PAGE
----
Casper Kang was born in Canada and majored in architecture. Then in 2004, he came back to Korea, and since 2011, he has been dedicated to creating his work.
His interest in the early Korean folk and landscape paintings can be seen in his work where he delicately and visually reinterprets them.
His thirst to get closer to the essence of the culture gradually led him to explore hanji, the traditional Korean paper which is the foundation of Korean aesthetics.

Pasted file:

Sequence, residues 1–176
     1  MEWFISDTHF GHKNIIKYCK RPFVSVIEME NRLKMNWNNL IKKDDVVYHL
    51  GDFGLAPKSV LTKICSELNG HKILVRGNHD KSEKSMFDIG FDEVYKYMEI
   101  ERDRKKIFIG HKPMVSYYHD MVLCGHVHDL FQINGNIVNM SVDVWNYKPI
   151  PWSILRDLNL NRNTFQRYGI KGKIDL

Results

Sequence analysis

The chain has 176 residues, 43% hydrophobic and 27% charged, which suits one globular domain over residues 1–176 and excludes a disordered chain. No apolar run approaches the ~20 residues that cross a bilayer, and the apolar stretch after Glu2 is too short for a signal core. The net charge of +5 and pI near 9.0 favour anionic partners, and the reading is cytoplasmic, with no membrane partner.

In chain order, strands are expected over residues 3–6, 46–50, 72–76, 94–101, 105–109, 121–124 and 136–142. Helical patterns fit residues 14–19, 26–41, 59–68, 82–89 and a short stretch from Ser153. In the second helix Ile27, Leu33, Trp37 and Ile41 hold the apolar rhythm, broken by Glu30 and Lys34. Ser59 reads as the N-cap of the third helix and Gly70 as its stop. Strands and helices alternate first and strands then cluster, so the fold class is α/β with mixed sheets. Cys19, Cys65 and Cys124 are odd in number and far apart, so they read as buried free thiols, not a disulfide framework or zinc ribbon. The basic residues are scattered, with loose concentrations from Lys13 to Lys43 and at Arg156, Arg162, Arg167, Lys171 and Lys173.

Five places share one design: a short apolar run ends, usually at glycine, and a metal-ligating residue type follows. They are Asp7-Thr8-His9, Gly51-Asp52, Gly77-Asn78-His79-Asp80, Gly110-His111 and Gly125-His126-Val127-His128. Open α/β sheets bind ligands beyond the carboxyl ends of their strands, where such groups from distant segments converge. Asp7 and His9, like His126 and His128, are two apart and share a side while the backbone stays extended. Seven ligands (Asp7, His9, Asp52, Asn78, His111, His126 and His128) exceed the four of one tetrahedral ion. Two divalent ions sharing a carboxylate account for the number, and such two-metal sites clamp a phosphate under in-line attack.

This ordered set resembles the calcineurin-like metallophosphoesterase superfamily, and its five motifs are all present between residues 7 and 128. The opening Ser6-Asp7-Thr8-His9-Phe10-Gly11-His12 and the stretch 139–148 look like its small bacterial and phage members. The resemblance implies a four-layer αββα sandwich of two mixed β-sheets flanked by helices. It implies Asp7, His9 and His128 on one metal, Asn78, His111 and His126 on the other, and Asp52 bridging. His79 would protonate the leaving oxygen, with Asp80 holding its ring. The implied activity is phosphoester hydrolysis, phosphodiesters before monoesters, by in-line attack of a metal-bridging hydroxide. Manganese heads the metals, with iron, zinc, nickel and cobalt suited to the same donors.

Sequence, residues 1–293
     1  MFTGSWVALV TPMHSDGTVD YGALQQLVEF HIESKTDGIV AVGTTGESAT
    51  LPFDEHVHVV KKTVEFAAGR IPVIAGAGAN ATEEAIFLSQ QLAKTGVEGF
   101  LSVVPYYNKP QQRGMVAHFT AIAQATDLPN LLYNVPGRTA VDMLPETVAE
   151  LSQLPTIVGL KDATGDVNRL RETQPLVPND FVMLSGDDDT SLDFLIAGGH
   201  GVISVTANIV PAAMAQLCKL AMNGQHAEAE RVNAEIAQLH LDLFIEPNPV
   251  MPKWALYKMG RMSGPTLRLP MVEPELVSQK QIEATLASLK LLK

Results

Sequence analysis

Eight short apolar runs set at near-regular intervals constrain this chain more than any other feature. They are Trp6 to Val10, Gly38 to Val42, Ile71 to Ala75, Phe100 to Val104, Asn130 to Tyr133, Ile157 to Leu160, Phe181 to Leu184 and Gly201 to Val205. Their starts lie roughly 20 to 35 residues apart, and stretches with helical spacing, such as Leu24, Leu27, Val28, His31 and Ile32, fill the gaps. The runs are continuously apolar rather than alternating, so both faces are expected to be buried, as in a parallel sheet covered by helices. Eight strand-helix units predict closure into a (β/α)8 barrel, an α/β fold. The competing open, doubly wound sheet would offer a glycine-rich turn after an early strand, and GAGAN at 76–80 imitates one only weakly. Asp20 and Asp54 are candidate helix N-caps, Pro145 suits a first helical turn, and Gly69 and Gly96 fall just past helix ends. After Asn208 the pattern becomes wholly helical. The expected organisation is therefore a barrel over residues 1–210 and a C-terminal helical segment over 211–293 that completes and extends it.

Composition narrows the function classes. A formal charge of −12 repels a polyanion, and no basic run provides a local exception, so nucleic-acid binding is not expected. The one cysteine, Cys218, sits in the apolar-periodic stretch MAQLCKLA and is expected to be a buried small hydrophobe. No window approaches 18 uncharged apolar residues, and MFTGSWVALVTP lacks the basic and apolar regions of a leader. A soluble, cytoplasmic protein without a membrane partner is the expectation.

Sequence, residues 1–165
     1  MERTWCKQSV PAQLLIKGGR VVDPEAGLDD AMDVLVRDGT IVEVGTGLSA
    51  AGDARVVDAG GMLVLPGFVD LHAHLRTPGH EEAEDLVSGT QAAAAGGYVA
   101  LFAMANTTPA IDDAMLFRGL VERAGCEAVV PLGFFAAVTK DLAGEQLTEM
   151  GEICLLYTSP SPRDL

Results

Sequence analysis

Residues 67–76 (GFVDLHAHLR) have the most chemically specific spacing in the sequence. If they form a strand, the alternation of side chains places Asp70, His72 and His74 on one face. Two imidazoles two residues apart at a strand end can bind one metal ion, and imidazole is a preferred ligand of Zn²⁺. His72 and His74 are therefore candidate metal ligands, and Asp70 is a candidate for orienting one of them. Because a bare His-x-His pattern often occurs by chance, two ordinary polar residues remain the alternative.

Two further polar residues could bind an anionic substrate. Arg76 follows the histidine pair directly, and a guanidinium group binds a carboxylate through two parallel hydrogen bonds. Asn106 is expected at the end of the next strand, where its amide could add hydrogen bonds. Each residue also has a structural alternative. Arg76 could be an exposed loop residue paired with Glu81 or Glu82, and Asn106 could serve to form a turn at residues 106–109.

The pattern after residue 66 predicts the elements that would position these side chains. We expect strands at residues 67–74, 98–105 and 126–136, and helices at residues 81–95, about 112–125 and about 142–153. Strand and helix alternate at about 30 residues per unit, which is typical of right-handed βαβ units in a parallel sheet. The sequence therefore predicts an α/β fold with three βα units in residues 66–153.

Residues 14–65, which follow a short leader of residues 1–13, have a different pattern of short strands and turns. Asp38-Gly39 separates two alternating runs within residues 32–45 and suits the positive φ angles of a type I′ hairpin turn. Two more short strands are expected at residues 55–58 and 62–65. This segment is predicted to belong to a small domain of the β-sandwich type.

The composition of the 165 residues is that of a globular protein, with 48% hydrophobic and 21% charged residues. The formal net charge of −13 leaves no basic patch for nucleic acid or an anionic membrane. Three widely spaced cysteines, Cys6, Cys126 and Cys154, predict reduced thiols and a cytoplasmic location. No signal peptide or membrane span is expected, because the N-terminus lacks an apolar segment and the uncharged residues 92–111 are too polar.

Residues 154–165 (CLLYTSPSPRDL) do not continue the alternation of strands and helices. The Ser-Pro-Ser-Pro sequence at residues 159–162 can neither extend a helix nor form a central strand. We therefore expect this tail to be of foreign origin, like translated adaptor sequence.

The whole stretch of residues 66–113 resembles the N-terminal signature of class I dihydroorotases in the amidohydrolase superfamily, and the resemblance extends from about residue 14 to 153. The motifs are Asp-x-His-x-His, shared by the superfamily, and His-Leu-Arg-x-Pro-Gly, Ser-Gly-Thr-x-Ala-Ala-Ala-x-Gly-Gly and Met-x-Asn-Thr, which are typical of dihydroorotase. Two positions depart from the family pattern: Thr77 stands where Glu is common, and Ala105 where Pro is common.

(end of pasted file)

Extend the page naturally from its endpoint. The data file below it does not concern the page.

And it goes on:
However, instead of empirically recontextualizing the traditional aesthetics, he chose to pursue unpredictable results.
He proceeded on to the abstract area, where the concept could be expanded by intuitively approaching it.
By disassembling the matter of hanji through the process of emptying, which involves acts such as burning, scorching, splitting, bleaching, ripping, fraying, and more, his work empties the cultural symbols and themes that hanji embodies as an object.
Ironically, by doing so, the empty image, which represents the meaninglessness of all things, leads to the aspiration of wanting to fill the void with the meaninglessness of the secular world.